The Romance of Lady Isabel Burton, by Isabel Burton

Chapter I

Birth and Lineage

Man is known among men as his deeds attest,

Which make noble origin manifest.

Alf Laylah wa Laylah (Burton’s “Arabian Nights”).

Isabel, Lady Burton, was by birth an Arundell of Wardour, a daughter of one of the oldest and proudest houses of England. The Arundells of Wardour are a branch of the great family of whom it was sung:

Ere William fought and Harold fell

There were Earls of Arundell.

The Earls of Arundell before the Conquest are somewhat lost in the mists of antiquity, and they do not affect the branch of the family from which Lady Burton sprang. This branch traces its descent in a straight line from one Roger de Arundell, who, according to Domesday, had estates in Dorset and Somerset, and was possessed of twenty-eight lordships. The Knights of Arundell were an adventurous race. One of the most famous was Sir John Arundell, a valiant commander who served Henry VI. in France. The grandson of this doughty knight, also Sir John Arundell, was made a Knight Banneret by Henry VII. for his valour at the sieges of Tiroven and Tournay, and the battle that ensued. At his death his large estates were divided between the two sons whom he had by his first wife, the Lady Eleanor Grey, daughter of the Marquis of Dorset, whose half-sister was the wife of Henry VII. The second son, Sir Thomas Arundell, was given Wardour Castle in Wiltshire, and became the ancestor of the Arundells of Wardour.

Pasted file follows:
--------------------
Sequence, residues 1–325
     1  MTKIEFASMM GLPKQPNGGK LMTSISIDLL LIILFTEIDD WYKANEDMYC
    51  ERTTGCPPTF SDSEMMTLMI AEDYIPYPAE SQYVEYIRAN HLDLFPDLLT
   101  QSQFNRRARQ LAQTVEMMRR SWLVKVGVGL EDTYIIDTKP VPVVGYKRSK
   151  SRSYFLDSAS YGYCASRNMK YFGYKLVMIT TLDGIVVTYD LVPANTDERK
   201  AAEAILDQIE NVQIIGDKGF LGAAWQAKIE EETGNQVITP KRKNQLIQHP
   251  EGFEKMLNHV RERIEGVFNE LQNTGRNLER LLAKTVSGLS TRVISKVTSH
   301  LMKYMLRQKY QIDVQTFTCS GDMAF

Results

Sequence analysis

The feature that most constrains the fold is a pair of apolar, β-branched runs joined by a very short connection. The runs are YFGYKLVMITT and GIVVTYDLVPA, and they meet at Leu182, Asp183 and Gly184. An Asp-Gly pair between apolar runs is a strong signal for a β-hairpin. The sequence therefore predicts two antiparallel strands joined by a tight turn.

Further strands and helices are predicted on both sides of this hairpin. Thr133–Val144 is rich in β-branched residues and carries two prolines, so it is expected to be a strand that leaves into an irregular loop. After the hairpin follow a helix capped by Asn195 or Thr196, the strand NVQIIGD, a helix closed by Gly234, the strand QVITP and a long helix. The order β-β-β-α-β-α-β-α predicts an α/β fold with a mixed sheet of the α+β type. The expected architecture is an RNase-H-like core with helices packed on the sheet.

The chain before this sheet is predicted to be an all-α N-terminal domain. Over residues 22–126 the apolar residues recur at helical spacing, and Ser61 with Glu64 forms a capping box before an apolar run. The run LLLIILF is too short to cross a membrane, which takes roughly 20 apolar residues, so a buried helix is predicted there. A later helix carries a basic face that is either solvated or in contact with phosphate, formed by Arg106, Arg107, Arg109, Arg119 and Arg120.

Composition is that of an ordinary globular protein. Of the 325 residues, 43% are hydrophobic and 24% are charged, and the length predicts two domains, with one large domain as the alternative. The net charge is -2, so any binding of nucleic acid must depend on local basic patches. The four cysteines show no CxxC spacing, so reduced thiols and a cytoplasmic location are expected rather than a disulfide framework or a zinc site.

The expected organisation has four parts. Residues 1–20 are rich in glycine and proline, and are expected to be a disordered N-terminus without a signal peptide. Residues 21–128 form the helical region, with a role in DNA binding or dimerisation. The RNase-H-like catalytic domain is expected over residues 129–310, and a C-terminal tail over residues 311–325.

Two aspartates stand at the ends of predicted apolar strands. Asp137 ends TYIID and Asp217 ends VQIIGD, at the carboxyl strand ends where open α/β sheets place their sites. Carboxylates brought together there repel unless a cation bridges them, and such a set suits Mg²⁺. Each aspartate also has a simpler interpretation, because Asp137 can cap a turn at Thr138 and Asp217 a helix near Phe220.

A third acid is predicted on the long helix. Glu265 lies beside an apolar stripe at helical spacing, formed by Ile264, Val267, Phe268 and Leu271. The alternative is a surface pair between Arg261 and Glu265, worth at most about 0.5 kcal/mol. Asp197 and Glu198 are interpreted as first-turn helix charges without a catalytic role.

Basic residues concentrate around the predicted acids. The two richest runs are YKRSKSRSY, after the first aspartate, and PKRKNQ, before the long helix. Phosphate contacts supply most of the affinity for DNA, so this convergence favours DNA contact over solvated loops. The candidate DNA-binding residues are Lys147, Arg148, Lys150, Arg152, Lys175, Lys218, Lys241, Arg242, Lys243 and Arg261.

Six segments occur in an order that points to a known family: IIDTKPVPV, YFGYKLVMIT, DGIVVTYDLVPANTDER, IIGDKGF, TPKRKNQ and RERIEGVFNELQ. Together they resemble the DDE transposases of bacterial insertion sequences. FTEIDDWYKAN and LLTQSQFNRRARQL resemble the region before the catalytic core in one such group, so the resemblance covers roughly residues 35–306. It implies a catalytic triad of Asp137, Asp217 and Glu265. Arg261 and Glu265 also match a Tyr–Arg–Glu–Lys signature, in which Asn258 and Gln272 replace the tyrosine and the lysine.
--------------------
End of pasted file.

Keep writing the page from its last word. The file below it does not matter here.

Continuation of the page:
The House of Wardour was therefore founded by Sir Thomas Arundell, who was born in 1500. He had the good fortune in early life to become the pupil, and ultimately to win the friendship, of Cardinal Wolsey. He played a considerable part throughout the troublous times which followed on the King’s quarrel with the Pope, and attained great wealth and influence. He was a cousin-german of Henry VIII., and he was allied to two of Henry’s ill-fated queens through his marriage with Margaret, daughter of Lord Edmond Howard, son of Thomas, Duke of Norfolk. His wife was a cousin-german of Anne Boleyn and a sister of Catherine Howard. Sir Thomas Arundell was a man of intellectual powers and administrative ability. He became Chancellor to Queen Catherine Howard, and he stood high in the favour of Henry VIII. But in the following reign evil days came upon him. He was accused of conspiring with the Lord Protector Somerset to kill the Earl of Northumberland, a charge utterly false, the real reason of his impeachment being that Sir Thomas had been chief adviser to the Duke of Somerset and had identified himself with his policy. He was beheaded on Tower Hill a few days after the execution of the Duke of Somerset. Thus died the founder of the House of Wardour.